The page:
I want to share some common English mistakes that I frequently hear students make. I hope these are helpful. If you have a few that you would like to share, feel free to send an e-mail to me at email@example.com
Non-Count nouns Advice, baggage, evidence, furniture, homework (and work), knowledge, learning, luggage scenery, training and vocabulary are all non-count nouns in English. In other languages, they are countable. For example, in a court case, the evidence can be one document or thousands. We just refer to the evidence in the case. Some of these non-count nouns may surprise you, because you have been counting the equivalent word in your language all of your life!
Incorrect: Anna is has brought her luggages to the office because she has a business trip.
Correct: Anna has brought her luggage to the office because she has a business trip.
Incorrect: I had three trainings in February.
Correct: I had some training in February. We also say: I had three training sessions/classes in February
Incorrect: We don’t say “these were the important learnings from the seminar”.
Correct We say “these were the important lessons/things we learned from the seminar”.
Incorrect: I have a lot of homeworks to do.
Correct: I have a lot of homework to do.
Incorrect: My father gave me three advices about what to study last weekend.
Correct: My father gave me some advice about what to study last weekend.
A common expression we use is “let me give you some good advice” when we want to share our life experience with others.
For expressions of feeling – use the verb to be
I have noticed Eastern European speakers make this mistake. They forget to use the verb “to be” with expressions of feeling. For example, “I worried” or “I scared” or “I sorry”. Use I am/was worried, I am/was scared. I am/was sorry.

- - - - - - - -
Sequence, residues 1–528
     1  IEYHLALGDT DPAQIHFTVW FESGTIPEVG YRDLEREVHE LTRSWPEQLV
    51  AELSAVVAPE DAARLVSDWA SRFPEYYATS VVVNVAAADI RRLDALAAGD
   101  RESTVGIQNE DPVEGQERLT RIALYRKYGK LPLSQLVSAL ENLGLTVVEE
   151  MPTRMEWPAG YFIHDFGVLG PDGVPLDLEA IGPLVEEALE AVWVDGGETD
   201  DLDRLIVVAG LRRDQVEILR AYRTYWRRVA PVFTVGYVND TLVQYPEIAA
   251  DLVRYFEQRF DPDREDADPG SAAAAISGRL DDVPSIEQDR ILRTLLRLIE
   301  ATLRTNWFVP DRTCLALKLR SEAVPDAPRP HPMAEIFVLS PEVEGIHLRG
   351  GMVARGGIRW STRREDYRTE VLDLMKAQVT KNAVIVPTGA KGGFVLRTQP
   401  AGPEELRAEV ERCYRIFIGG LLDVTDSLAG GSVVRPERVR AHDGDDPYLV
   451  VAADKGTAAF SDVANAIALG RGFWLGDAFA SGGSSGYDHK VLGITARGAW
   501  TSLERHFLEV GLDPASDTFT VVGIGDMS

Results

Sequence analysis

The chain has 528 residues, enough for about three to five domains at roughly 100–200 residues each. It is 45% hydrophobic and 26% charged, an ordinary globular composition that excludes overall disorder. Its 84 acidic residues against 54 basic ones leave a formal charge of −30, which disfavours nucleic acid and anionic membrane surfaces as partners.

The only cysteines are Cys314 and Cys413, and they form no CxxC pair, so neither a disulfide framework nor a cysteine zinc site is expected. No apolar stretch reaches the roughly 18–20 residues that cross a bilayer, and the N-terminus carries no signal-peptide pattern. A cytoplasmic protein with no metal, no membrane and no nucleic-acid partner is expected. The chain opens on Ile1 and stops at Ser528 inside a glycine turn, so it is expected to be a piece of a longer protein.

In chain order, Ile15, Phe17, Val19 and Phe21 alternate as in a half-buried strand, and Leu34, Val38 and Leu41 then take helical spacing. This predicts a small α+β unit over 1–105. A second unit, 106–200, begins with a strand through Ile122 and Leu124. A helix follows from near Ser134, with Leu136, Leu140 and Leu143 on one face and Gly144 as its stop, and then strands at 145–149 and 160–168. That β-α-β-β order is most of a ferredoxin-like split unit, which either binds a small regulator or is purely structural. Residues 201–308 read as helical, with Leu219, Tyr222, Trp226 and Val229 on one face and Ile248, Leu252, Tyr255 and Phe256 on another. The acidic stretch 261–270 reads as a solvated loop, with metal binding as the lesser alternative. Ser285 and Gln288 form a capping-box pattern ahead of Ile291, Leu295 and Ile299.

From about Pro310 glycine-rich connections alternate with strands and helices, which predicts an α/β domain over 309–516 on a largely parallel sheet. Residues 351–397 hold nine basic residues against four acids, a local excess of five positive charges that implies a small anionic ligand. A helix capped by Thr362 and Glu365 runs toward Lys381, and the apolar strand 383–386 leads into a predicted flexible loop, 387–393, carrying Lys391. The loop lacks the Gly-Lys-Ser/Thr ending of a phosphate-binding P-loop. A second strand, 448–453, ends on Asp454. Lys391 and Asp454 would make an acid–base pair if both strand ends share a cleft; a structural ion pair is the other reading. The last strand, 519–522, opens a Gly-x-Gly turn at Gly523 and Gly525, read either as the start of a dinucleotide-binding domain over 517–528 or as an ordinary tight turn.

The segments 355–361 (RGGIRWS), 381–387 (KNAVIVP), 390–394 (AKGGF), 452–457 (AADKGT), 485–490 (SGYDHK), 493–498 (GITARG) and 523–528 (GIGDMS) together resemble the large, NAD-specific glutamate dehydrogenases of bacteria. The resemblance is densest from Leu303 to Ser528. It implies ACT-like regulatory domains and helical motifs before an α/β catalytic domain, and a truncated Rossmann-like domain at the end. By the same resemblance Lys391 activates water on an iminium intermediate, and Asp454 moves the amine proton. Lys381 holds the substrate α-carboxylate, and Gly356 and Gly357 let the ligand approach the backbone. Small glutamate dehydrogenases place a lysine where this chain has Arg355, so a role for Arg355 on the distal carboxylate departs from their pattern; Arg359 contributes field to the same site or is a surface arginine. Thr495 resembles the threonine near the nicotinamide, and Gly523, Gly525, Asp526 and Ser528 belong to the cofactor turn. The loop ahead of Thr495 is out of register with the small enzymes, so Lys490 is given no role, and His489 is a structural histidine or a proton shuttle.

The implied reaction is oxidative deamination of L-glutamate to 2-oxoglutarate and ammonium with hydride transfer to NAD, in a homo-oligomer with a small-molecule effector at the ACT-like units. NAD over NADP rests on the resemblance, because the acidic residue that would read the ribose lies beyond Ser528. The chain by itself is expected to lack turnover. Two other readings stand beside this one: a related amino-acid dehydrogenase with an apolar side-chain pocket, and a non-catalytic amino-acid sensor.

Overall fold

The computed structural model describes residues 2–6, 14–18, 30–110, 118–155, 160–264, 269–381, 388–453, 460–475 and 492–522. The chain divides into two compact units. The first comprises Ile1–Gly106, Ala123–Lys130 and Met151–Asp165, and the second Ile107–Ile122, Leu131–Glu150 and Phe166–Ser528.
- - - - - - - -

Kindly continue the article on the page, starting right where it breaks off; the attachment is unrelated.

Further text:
Modal verbs A modal verb (in the present tense) is followed by the base verb. If you don’t know what a base verb is, just remember that it is the verb without “to” in front of it. Students often add “to” after the modal verb and before the base verb.
Incorrect: I must to have time to prepare for my test.
Correct: I must have time to prepare for my test.
Note: there are a few modal verb forms where “to” is used. Have to + base verb, need to + base verb and ought to + base verb.
You ought to see a Broadway show while you are in New York.
Jane needs to see a doctor because her cold is getting worse.
You really have to study for the next exam!
The same for the modal past ( modal verb + have + past participle ). Students sometimes will say “I should have to prepare for the test”. The correct way is “I should have prepared for the test”.
Ms. Is not pronounced “Miss”. It is pronounced “Miz”. It is a professional woman’s title and does not indicate marital status. It is correct to use this title in business correspondence if you do not know the person you are addressing the letter to. For example, Dear Ms. Johnson,
Stay tuned for Common English Mistakes – Part 2!
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